• English is not a requirement, nor are all those who do not speak English to the best of their ability automatically excluded. However, it is important that the language, whatever it is, is a channel of communication involving all participants, organisers and facilitators in the process, usually between members from various countries English is the only option. Therefore, a minimum level is necessary to ensure that everyone involved is not excluded or does not feel excluded.

  • Deciding on the target group of beneficiaries is crucial to the success of the project. Choosing the project’s target beneficiaries is a choice that coincides with the objectives, the ultimate goals of your project. How does your project impact the beneficiaries? This also helps in the positive evaluation by the committee. The more specific and detailed the target group of beneficiaries for the project, the greater the chances of success of the project. It may happen that partners cannot find enough direct target beneficiaries for the objectives of your project. With good facilitation, it is still possible to involve even less interested in the topic participants in the learning process. In this case, it is important to require support from the group leaders of each team and to work together so that the group of participants is cohesive and motivated towards the learning process.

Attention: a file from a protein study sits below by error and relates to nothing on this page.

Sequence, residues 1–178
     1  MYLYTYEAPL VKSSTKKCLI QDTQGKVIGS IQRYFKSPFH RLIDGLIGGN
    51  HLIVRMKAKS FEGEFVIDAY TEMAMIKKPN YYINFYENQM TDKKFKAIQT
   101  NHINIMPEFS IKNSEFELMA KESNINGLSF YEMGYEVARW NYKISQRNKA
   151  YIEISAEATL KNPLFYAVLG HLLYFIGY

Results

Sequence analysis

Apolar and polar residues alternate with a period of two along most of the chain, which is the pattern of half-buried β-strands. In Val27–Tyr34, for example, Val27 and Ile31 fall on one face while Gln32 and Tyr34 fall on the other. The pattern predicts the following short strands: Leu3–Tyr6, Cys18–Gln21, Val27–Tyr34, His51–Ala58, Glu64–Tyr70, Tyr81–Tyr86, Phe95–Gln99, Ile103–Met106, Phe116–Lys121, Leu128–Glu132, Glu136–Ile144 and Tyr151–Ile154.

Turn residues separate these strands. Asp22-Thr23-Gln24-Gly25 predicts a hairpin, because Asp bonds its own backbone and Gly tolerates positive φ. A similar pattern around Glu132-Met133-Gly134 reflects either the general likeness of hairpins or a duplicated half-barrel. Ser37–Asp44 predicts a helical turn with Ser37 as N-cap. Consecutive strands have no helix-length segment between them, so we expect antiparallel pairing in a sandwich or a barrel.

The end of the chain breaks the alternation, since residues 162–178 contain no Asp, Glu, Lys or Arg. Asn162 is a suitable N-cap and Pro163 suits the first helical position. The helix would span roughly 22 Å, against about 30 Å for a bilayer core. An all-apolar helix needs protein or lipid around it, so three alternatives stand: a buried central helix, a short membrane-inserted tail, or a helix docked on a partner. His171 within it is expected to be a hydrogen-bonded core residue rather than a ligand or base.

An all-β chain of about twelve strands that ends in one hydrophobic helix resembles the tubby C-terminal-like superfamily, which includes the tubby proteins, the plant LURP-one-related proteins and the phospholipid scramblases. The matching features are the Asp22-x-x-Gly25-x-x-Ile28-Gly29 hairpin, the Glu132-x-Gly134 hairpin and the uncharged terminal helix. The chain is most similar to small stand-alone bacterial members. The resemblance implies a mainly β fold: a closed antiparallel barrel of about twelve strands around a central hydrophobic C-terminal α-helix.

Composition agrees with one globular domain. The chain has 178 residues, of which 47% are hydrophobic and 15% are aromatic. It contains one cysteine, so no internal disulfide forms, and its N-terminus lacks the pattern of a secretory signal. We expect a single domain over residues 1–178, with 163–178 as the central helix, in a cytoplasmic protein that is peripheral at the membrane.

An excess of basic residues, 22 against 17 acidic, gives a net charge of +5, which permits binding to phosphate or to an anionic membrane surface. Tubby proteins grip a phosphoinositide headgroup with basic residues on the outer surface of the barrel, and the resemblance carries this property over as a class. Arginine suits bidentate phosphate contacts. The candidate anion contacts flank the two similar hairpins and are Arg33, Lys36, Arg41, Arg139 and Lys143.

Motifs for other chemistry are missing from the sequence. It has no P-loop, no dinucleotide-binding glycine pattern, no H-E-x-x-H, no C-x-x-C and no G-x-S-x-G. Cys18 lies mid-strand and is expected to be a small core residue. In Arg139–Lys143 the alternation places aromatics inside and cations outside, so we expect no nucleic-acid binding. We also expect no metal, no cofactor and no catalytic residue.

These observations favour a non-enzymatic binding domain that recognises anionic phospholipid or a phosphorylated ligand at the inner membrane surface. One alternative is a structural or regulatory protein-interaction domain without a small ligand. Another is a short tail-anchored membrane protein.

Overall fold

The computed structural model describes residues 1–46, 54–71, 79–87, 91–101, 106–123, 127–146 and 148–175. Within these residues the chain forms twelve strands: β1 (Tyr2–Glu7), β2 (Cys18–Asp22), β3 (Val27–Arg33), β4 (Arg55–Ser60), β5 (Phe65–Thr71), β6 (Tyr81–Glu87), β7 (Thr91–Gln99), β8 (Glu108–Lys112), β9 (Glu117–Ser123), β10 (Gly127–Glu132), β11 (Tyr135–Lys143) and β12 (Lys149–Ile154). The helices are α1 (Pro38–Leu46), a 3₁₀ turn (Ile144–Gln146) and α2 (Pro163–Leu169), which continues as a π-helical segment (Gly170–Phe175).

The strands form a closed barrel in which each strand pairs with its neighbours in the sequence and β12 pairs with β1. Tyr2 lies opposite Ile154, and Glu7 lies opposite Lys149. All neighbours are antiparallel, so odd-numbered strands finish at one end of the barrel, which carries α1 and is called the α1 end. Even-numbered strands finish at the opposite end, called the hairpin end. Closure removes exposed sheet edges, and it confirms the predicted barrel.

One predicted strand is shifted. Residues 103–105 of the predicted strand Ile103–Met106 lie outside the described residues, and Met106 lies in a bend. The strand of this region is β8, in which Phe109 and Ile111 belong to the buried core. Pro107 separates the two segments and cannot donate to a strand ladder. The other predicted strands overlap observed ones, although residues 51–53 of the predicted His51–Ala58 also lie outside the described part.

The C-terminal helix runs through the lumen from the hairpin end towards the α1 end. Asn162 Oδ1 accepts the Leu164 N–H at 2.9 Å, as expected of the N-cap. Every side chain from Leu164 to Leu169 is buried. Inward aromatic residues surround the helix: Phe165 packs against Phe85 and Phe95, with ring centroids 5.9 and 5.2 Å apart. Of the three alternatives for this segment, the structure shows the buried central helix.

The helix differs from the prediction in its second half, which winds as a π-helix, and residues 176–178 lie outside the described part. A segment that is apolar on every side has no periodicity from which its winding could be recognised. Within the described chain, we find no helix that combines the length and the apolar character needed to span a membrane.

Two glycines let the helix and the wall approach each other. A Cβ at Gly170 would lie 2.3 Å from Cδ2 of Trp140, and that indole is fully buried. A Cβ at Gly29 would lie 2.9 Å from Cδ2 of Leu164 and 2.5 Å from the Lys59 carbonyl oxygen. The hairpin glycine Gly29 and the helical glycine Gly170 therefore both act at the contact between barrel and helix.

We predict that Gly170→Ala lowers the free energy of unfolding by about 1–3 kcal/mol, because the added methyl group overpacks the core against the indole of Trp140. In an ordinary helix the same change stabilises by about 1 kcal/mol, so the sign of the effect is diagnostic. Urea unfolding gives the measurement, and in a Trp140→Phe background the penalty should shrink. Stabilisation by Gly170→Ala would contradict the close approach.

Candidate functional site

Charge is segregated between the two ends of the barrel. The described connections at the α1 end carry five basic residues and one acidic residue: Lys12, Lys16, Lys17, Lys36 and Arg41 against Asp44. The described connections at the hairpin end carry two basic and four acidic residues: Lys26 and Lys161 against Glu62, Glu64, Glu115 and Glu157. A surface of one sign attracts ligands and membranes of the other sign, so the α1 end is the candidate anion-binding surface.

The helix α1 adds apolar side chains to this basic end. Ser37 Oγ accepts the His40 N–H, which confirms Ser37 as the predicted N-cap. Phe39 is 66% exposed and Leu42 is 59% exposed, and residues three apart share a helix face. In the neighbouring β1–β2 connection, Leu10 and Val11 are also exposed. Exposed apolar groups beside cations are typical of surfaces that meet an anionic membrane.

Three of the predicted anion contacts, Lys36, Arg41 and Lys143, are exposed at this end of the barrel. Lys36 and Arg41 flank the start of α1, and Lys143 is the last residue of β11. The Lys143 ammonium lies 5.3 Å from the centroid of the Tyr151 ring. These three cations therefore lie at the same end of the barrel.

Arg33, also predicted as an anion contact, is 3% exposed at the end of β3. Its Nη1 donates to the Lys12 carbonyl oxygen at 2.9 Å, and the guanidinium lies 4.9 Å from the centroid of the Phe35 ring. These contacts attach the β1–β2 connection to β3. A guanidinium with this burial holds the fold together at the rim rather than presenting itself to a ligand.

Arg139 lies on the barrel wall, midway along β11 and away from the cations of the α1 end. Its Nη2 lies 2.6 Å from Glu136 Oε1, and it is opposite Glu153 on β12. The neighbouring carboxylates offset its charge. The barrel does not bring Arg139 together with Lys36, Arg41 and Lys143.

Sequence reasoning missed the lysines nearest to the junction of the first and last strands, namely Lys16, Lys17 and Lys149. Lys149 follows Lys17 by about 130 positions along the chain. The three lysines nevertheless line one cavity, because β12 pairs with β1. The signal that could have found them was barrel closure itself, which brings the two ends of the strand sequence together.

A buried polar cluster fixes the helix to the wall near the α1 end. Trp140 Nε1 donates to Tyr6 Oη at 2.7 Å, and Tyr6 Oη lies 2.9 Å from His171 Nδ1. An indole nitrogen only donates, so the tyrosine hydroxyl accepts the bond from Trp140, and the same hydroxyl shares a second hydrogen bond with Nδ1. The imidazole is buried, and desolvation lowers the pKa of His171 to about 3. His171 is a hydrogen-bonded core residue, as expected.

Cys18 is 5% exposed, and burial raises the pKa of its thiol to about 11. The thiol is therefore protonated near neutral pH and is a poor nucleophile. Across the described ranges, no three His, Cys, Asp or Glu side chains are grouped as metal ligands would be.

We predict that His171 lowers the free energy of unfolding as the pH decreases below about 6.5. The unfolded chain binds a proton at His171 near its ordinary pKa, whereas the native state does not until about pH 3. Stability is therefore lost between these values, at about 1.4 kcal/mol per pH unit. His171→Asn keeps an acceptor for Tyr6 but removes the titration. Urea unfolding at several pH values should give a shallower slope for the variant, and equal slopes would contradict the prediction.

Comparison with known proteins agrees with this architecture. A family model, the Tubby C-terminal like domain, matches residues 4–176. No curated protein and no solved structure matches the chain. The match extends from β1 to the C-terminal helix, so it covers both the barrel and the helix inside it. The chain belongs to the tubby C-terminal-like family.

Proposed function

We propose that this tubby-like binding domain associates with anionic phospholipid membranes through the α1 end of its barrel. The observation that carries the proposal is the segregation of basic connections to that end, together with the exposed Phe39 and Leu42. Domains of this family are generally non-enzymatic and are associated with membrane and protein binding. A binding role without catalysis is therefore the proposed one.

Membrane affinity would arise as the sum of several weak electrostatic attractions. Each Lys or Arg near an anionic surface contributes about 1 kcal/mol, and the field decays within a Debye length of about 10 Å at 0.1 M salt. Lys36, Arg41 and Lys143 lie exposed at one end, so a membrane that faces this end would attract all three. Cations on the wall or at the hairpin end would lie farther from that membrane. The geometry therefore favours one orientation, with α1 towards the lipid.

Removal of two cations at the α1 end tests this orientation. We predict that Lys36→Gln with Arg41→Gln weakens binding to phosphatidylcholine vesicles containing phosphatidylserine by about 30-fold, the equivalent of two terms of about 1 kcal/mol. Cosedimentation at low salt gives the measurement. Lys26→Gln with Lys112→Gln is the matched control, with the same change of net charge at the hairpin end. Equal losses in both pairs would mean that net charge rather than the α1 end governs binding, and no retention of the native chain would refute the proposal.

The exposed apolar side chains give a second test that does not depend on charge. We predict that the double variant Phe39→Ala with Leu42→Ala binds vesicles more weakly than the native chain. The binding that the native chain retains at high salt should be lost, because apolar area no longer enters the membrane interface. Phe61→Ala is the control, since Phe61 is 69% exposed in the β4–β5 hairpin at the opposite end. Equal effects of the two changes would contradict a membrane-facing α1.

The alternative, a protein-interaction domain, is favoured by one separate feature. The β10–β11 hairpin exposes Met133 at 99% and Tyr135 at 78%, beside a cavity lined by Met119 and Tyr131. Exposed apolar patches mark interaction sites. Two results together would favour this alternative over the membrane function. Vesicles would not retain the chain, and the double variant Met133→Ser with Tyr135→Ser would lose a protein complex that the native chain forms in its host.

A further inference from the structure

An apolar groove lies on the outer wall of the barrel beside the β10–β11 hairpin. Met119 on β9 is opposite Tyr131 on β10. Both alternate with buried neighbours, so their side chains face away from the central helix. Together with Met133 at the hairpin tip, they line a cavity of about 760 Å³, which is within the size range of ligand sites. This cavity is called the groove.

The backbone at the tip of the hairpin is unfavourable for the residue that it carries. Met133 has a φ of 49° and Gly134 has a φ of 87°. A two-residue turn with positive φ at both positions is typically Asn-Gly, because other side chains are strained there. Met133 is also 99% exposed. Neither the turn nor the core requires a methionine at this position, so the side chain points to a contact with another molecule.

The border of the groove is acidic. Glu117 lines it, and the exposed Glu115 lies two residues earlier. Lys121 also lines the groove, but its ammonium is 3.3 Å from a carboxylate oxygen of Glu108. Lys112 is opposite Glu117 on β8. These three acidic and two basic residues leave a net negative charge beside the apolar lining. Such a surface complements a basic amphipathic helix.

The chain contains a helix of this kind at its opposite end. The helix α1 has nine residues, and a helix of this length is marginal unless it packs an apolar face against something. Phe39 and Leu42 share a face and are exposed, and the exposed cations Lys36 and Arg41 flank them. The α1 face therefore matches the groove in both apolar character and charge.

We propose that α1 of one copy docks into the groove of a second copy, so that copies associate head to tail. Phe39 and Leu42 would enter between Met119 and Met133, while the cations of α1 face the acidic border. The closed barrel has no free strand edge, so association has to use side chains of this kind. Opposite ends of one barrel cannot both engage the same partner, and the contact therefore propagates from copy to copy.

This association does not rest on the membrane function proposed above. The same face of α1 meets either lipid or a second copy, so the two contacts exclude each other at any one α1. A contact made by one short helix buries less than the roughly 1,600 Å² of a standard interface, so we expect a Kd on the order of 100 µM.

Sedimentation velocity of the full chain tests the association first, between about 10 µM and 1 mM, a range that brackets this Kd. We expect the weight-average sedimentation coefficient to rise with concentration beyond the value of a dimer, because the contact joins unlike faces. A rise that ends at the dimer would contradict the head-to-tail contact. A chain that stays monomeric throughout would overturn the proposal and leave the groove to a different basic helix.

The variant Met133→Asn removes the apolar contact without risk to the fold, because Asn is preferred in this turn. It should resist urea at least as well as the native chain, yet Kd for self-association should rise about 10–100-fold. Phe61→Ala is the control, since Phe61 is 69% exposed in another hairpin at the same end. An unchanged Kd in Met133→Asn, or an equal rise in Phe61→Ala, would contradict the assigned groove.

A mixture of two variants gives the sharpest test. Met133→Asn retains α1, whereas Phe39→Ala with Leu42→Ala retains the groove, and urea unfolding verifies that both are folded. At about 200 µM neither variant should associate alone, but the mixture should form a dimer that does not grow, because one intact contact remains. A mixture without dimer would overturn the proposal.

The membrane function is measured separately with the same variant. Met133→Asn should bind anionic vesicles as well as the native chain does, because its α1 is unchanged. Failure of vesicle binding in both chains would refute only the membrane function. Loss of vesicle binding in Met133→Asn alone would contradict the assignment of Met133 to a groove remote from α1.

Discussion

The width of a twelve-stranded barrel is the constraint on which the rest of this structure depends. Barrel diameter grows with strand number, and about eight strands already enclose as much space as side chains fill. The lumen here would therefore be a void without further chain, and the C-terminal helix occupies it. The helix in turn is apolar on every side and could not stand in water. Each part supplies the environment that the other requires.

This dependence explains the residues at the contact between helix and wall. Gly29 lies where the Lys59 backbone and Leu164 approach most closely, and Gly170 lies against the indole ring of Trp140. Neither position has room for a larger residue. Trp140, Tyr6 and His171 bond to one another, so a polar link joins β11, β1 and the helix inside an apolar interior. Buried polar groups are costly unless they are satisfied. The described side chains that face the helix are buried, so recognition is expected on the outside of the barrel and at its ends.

• Communication in the team is very important, indeed fundamental. Tasks and deadlines should be communicated clearly. Particularly when working with interns and volunteers, it would be better to make a distinction among compulsory tasks for the purposes and optional tasks, which the young worker can then carry out voluntarily, with more flexibility or can choose not to fulfill.